Gashead's Blog Wonders


Obama And Cameron Decide The Big Issues

Sometimes, despite hours of negotiation between diplomats, senior ministers and world leaders geopolitical decisions remain unresolved. Yesterday, stood on a chair half way up the stairs between the second and third floor of my office, I was privileged to witness some behind the scenes negotiation between US President Barack Obama and UK Prime Minister David Cameron. What they were negotiating will remain a mystery, Turkish entry into the EU, sovereignty of The Falkland Islands, the next Chelsea manager? Their methods, however, were clear to see.

Round One

From Obama - Jeff-s Pictures

Unfortunately Dave played his paper hand too early here and Barack immediately replied with scissors, round one to the US President.

Round Two

From Obama - Jeff-s Pictures

Dave thought he would play a sly one and offer paper again, Barack banked on Dave changing his tactics, round two no change.

Round Three

From Obama - Jeff-s Pictures

This time Dave plays a blinder offering his rock to Barack's scissors, all square after round three, first to pass two points will win this particular argument.

Round Four

From Obama - Jeff-s Pictures

At last, a decision is made. Barack's paper beats Dave's rock, the will of the US President prevails, Dave heads back inside, inconsolable while a triumphant Obama leaves hoping to employ his skills further at the upcoming G8 conference.

From Obama - Jeff-s Pictures

Thanks to my anonymous colleague for this set of pictures, you can find some of mine below :

Barack Obama Visit To London 2011


The Daily Mail, Jessie J and Essex

From Little Noise Sessions 16/11/2010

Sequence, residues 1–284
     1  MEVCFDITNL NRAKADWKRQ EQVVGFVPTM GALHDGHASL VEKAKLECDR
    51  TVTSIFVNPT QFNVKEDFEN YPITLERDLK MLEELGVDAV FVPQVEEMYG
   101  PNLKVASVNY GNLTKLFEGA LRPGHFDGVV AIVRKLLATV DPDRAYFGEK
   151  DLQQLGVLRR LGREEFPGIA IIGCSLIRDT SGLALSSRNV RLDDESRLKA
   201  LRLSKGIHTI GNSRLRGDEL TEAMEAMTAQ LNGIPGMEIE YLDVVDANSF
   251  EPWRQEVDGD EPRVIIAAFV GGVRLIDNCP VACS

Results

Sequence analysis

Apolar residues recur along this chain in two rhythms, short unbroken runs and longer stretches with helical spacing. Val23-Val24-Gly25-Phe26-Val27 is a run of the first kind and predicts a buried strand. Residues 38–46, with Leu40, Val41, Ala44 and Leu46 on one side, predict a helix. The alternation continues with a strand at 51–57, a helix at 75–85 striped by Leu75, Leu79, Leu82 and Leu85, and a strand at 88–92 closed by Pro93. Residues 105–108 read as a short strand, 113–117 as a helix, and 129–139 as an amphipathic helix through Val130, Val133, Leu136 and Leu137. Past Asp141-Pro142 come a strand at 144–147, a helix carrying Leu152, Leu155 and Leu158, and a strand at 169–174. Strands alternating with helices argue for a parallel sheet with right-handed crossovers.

The Daily Mail 20th May 2011

The Essex-born singer's patter on stage often tickles the funnybones of her fans


The Daily Mail 18th May 2011

So no doubt the Essex girl will be hoping she can repeat her success when she jetted out to start her U.S. promotional tour today.


The Daily Mail 15th May 2011

British pop sensation Jessie J has brought her unique brand of Essex-bred talent to the first day of this year's Radio 1 Big Weekend.


The Daily Mail 27th April 2011

Meanwhile it remains to be seen if she will perform with the UK's own rising superstar, Jessie J after the Essex-born singer put out a plea for Rihanna to perform Do It Like A Dude with her.


The Daily Mail 27th April 2011 again and twice in the same article

Jessie J continued to bring her unique brand of Essex-bred talent to northern American and Canada, landing in Toronto on the latest leg of her tour.

In what's become par for the course for the Essex-born singer, she strutted her stuff in a one-legged Lycra catsuit for the performance.


The Daily Mail 14th April 2011

But now Essex girl Jessie J is determined to make it Stateside, and continued her mission with an appearance on The Today Show.


I could go on but it would waste the rest of my day, The Daily Mail certainly don't waste their time with checking facts. They don't check facts like the one that she is from Redbridge and Redbridge is in London, not Essex.

Why is the alleged county of her birth relevant? Which county was Susan Boyle born in? Which county was Leona Lewis born in? Which county was Alexandra Burke born in? Don't know? Probably because the press don't trot it out in every single article about them.